Everything we understand about God as Creator compels us to reject at Robertson's repressive theology of God punishing Haitians for "making a pact with the devil" in the early 19th century as a way of winning independence from the French.
I will not accept that God punishes humans en masse through natural disasters like Hurricane Katrina, the Sunami or the Haitian earthquake.
On the other hand, this week's Torah reading includes the first half of the story of the 10 plagues that God brings down upon the Egyptian people. Unnatural disaster after unnatural disaster makes life miserable for every generation and social class of Egyptians, threatening or taking the lives of many. How do we reject God's hand in the natural disasters of sunami, earthquake and hurricane, but acknowledge God's hand in the unnatural disasters of blood, frogs, locusts and the death of the first born? Is there a theological position of integrity that encompasses these positions?
In my faith, the unnatural disasters of the plagues visited upon Egypt are the larger than life interpretations of events that surround definitive redeeming moments: God redeems Israel from the physical and spiritual bondage of Egypt. The event is profound, the triumph of the God of Israel over the gods of Egypt is stunning and challenging to the assumptions of that time and that place. It is only through the interweaving of events and impressions that is the 10 plagues story, a divine "throwdown" between the God of Israel and the gods of Egypt, that the events become comprehensible.
The ongoing tragedy of Haiti is not an event of theological import, it is the unfolding of natural disaster meeting human frailty. We have many resources that we need to bring to bear at this moment: the financial resources to send food and water and the implements to provide shelter; the human resources to impose order on chaos; the spiritual resources to infuse the people of Haiti with strength. The people of Haiti have been singing songs of faith in the streets. Their faith humbles me and inspires me. Respond, with me, by donating to relief organizations and coming together in prayer, as do the people of Haiti themselves.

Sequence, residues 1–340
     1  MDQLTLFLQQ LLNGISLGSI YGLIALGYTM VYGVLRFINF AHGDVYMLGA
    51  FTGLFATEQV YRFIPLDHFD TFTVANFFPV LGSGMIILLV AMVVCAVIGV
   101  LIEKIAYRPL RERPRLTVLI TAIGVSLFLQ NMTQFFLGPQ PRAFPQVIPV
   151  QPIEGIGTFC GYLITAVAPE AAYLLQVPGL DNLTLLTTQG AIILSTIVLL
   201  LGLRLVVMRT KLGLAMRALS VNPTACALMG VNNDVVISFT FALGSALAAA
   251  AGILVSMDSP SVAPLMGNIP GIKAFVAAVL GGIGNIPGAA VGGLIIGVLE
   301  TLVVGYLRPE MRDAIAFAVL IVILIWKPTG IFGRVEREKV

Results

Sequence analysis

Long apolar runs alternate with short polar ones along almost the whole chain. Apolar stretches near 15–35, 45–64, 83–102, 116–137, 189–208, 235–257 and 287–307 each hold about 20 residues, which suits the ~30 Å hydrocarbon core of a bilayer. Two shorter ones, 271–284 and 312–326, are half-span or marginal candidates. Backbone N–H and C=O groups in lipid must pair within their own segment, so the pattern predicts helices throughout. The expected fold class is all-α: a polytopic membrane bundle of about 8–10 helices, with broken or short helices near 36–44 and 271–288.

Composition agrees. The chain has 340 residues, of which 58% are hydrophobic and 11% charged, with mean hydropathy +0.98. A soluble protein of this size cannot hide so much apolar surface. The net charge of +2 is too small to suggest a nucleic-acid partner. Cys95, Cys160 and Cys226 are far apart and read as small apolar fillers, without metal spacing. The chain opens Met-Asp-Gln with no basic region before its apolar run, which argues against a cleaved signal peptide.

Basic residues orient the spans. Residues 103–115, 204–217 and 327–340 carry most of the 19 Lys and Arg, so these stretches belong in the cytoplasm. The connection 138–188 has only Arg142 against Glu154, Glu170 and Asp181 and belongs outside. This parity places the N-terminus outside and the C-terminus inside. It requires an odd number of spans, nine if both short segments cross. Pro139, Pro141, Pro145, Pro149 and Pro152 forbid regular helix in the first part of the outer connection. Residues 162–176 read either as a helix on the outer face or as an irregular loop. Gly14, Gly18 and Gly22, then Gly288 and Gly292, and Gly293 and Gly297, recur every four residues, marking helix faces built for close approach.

Parashat Sh'mot Torah Reading: Exodus 1:1-6:1
This Shabbat our weekly Torah reading brings us to the very beginning of the second book of the Torah: Sh'mot/Exodus.
We are going to witness and relive some of the greatest moments in our history as we read our way, parasha by parasha, portion by portion, through this second book of Torah.
Right at the beginning of the parasha we see the Israelites referred to, for the very first time, as "am," "nation". This is in contrast to the Israelites at the end of the book of Breishit/Genesis who were little more than an extended family. Now, in Sh'mot, the Israelites are a confederation of twelve tribes and are considered by their Egyptian neighbors to be a force to be reckoned with.
We will quickly become engaged in the quagmire and heartbreak of the enslavement of the Israelites in Egypt, the evolution of Moses from foundling to prince, from prince to refuge, from refuge to shepherd and from shepherd to national leader and God's collaborator. The sea will part. The Torah will be revealed at Sinai. The Golden Calf will emerge and enrage. The Tabernacle/Mishkan will be constructed in the wilderness and preparations will be made for the establishment of the first stage of Israelite religion: the sacrificial cult.
We will emerge at the end of the book of Sh'mot/Exodus, as a people bound to God through the salvation of Israel from Egypt and through the brit, the covenant forged between Israel and God at Sinai. Our lives will be informed by ethical, ritual, spiritual and moral mitzvot/commandments . . . through this second book of Torah we revisit our roots and our core values. By examining our beginnings as a people our appreciation for the wisdom and the richness of our tradition deepens.
Twice a day our liturgy provides us with the opportunity to recite the following verse (part of the compilation from the Psalms we call "ashrei"). As I contemplate the spiritual journey that awaits us in the book of Sh'mot/Exodus, this verse comes to mind:
Ashrei ha'am she'Adonay elohav
Blessed are the people whose God is Adonay.
Rabbi Amy Levin
has been Torat Yisrael's rabbi since the summer of 2004 and serves as President of the Board of Rabbis of Greater Rhode Island.